Some very familiar garden plants are invasive, meaning that they can escape your yard to damage natural areas. “What’s not apparently problematic in your yard can cause real problems in natural ecosystems,” says Kurt Dreisilker, manager of natural areas for the Arboretum.
An invasive plant is one that reproduces so prolifically that it overwhelms native plants and damages a natural ecosystem by breaking the food chain on which insects, birds and other animals depend, he explains. Most invasive plants are non-native species, imported through agriculture or horticulture, that can reproduce freely because they left their natural enemies behind in places such as Asia or Europe.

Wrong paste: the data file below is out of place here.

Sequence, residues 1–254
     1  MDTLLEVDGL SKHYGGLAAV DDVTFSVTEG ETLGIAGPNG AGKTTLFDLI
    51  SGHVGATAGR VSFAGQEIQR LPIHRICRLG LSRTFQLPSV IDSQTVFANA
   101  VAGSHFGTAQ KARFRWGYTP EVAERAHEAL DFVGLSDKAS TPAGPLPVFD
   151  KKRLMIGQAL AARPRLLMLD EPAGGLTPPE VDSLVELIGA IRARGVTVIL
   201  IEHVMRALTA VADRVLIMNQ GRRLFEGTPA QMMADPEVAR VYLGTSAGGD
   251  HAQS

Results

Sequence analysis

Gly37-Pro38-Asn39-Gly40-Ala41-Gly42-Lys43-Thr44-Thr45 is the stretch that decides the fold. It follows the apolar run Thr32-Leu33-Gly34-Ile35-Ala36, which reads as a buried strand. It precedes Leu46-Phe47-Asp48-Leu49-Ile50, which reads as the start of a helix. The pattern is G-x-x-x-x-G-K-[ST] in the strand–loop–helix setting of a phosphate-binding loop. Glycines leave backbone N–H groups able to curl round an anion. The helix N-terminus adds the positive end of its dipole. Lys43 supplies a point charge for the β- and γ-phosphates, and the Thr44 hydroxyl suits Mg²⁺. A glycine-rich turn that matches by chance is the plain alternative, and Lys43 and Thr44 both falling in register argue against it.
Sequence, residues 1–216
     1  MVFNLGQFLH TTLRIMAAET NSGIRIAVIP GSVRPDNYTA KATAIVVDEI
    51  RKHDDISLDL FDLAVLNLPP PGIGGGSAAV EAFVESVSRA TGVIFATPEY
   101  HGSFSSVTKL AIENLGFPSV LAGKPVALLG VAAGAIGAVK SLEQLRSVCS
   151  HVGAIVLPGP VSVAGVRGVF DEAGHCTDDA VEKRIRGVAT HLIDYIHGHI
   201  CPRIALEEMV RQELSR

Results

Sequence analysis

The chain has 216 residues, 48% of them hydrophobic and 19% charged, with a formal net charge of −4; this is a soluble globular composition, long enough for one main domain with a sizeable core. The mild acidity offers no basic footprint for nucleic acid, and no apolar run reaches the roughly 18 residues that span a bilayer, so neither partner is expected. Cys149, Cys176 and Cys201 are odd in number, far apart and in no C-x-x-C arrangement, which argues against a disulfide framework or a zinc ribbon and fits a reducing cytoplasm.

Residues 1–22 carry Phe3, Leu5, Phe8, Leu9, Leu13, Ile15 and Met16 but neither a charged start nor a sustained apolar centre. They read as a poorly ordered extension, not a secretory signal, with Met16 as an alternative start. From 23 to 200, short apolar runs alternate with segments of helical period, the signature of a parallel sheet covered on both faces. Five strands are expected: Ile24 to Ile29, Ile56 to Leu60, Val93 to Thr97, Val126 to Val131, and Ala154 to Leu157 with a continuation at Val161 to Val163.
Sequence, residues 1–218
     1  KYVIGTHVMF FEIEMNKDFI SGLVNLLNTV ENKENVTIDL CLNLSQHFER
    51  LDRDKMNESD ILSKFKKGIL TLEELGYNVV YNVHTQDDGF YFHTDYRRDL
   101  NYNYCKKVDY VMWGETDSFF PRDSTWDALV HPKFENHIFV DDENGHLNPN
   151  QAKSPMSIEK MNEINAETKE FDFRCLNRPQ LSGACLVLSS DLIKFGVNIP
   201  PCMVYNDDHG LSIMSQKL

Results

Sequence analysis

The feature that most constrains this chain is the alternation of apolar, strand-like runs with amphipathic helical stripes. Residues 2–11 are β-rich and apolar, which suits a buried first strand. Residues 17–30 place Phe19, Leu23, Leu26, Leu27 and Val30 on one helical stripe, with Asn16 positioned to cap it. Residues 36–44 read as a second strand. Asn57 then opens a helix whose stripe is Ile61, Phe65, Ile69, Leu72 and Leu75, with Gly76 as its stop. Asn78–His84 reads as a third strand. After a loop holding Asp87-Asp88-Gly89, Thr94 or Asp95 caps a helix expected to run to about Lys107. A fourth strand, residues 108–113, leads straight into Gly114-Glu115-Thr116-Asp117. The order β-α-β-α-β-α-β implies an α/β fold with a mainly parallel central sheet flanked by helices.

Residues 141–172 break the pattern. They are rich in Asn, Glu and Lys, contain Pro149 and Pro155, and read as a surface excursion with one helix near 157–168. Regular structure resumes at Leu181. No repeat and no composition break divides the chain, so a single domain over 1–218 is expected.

Barberry, honeysuckle, privet, and burning bush are familiar examples. They all have berries that birds can eat in gardens and carry far away to natural areas. Your barberry shrubs may seem benign, but there are places in the region’s forest preserves where barberry carpets the forest floor so little else can grow.
May is Invasive Species Awareness Month. So as you plan your garden and stroll the garden center, be careful you don’t bring home something that can cause problems far and wide.
For more help with your plants and trees, check out the Plant Clinic.